Mr Williamson said: "It's essential we put in place measures to ensure this can happen, while minimising the risk of transmission.

"My department will publish this guidance shortly so that every student will be able to spend Christmas with their family."

Chief medical officer for England Professor Chris Whitty has said that rates in school age children below the age of 17 "are really not changing very much".

Schools, nurseries and colleges opened "for all children and young people on a full-time basis" from September, with schools in England told to keep classes or whole year groups apart in separate "bubbles".

The Government insisted that closing schools "is not an option", but Professor Chris Whitty said the Government's policy on schools may have to be "looked at again" if infections among school-aged children rise.

Prof Whitty said: "At the moment rates are still very low, if there were to be a change in that, there were to be a much broader increase in rates including of school-age children, I think the current policies would have to be looked at again as in the other areas."

Hairdressers and salons

Although hair salons reopened, the experience of getting your hair cut is very different.

Hairdressers are required to wear full-face plastic visors and surgical face masks to reduce the risk of infection and also need to follow strict rules over the disinfecting of equipment.

Customers must usually make appointments, and there are limits on the amount of people in salons. Customers are not obliged to wear a mask, but can if they wish to.

Beauty salons, nail bars, tattooists, spas, tanning salons and other close contact services have also reopened.

In depth: What beauty treatments are allowed?

Hotels and camping

Hotels, holiday apartments, caravan parks and campsites can now operate as long as shared facilities are kept clean.

In government guidance released on June 24, establishments were advised to implement a series of measures to ensure the safety of guests and staff.

Those checking in to hotels should expect to see social distancing stickers on the floor, perspex screens at the reception desk and hand sanitiser or handwashing facilities as they enter the premises during their stay.

The duration of activities such as check-in should now be kept as short as possible, and keys should be cleaned in between guest use. Queues may form outside hotels as they have done outside supermarkets, and hotels have been asked to introduce queuing systems using barriers should they be needed.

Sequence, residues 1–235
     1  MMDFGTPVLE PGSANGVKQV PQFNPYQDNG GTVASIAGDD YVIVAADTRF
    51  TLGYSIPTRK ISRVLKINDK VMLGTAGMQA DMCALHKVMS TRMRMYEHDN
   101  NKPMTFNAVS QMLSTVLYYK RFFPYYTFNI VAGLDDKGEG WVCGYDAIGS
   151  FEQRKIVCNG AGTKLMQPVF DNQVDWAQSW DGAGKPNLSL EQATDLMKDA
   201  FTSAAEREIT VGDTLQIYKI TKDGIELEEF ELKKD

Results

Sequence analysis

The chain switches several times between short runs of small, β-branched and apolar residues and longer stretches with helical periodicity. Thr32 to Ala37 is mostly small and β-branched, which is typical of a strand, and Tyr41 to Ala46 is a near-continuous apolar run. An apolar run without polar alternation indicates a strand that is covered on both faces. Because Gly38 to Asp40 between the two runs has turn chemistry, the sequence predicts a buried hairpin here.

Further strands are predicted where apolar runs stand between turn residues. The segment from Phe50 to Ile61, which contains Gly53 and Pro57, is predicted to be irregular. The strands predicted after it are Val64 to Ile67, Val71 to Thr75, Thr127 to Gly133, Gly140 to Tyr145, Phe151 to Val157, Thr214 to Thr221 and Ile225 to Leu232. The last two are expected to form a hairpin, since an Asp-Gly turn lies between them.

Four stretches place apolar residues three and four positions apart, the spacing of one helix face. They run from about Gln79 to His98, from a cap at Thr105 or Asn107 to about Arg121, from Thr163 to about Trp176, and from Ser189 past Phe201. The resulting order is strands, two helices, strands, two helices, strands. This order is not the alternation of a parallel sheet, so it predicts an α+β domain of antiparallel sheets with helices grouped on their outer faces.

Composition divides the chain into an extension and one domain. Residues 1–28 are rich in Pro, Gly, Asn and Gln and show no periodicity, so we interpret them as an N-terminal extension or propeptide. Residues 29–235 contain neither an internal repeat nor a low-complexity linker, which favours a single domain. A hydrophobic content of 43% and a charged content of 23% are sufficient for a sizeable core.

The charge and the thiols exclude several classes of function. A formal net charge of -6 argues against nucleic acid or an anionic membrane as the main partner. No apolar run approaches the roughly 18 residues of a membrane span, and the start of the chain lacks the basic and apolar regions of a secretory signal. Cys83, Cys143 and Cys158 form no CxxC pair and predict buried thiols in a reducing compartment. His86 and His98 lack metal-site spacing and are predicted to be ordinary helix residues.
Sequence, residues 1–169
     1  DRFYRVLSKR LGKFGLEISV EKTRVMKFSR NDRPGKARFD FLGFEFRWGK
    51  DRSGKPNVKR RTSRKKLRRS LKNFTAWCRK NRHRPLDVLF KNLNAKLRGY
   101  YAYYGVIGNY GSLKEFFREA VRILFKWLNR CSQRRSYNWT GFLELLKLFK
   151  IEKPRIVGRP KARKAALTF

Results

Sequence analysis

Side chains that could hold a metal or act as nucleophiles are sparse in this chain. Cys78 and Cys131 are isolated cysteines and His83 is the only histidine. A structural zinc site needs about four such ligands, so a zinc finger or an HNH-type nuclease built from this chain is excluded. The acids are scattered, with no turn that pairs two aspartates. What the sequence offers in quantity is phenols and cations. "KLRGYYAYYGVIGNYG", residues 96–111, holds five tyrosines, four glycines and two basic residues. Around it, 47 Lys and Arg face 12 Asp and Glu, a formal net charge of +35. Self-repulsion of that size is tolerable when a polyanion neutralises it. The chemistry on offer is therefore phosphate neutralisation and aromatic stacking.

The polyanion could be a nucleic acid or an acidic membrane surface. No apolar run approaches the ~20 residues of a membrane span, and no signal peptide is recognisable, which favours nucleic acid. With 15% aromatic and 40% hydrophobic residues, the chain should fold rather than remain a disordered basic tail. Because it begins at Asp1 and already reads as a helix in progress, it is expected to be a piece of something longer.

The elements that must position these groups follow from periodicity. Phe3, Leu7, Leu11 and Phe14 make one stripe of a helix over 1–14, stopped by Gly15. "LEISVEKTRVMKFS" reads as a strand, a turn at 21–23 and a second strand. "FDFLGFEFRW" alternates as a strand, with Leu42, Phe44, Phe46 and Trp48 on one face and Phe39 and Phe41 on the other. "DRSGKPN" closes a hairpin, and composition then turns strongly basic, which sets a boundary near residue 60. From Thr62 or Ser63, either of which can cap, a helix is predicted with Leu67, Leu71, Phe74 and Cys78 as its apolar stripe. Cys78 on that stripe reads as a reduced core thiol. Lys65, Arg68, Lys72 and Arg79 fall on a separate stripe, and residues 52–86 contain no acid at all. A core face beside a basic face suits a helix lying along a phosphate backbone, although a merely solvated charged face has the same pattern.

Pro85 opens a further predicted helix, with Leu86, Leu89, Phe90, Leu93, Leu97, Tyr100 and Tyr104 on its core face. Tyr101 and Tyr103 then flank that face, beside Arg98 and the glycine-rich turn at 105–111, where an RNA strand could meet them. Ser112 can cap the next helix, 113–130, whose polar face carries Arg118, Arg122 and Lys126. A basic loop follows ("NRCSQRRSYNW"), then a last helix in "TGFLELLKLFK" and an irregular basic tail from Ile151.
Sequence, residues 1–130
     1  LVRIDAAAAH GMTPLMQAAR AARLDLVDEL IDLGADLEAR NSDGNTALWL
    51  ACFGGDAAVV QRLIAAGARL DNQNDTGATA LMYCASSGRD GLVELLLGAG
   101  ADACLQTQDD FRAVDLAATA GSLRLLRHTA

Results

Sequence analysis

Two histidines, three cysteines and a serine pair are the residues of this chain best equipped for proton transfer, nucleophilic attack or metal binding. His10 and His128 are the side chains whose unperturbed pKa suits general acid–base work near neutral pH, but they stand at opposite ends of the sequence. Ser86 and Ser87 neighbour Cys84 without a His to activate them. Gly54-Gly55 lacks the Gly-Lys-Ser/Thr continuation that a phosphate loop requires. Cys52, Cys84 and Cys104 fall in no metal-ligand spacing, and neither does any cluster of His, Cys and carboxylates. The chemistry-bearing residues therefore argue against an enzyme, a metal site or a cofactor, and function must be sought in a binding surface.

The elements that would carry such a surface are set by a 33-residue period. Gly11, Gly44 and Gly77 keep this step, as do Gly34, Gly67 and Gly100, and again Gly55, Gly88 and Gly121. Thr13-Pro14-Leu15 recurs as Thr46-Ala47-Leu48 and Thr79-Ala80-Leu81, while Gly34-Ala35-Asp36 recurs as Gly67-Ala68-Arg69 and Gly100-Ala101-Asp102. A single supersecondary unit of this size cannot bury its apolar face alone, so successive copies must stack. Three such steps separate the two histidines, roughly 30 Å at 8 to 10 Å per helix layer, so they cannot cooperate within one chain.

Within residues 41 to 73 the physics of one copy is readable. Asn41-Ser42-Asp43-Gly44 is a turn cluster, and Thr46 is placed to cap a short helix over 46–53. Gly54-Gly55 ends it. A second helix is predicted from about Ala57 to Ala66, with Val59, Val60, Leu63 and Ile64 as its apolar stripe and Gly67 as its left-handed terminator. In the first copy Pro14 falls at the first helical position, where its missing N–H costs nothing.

Larger hotels can opt to stagger check-in and check-out times, or place markers on the floor to maintain social distancing.

Recommendations to stop coronavirus from spreading also include emptying mini bars, offering buffet-free breakfasts and regularly deep cleaning rooms, with 24 hours left between bookings.

All paperwork is likely to be removed from rooms, along with the telephone, while the plastic pouch containing tea and coffee sachets will either be removed or quarantined for up to 72 hours between guests.

It is thought campsites will ensure that tents are pitched further apart than normal so social distancing measures can be adhered to, along with frequent deep cleaning of facility blocks such as showers.

Cinemas, museums, galleries and theatres

Boris Johnson announced on September 9 that plans to pilot larger audiences in venues later in September would have to be revised. Indoor performances resumed on August 15.

Outdoor theatres reopened and other leisure venues, including cinemas, art galleries and museums, were allowed to reopen more fully from July 4, albeit with their own social distancing rules in place.

Suggested guidance in galleries and museums includes one-way systems, spaced queuing, increased ventilation and pre-booked tickets. Wearing a mask is mandatory in visitor attractions and entertainment venues. Cinemas are expected to sell only a certain proportion of seats for each movie and face masks are now mandatory.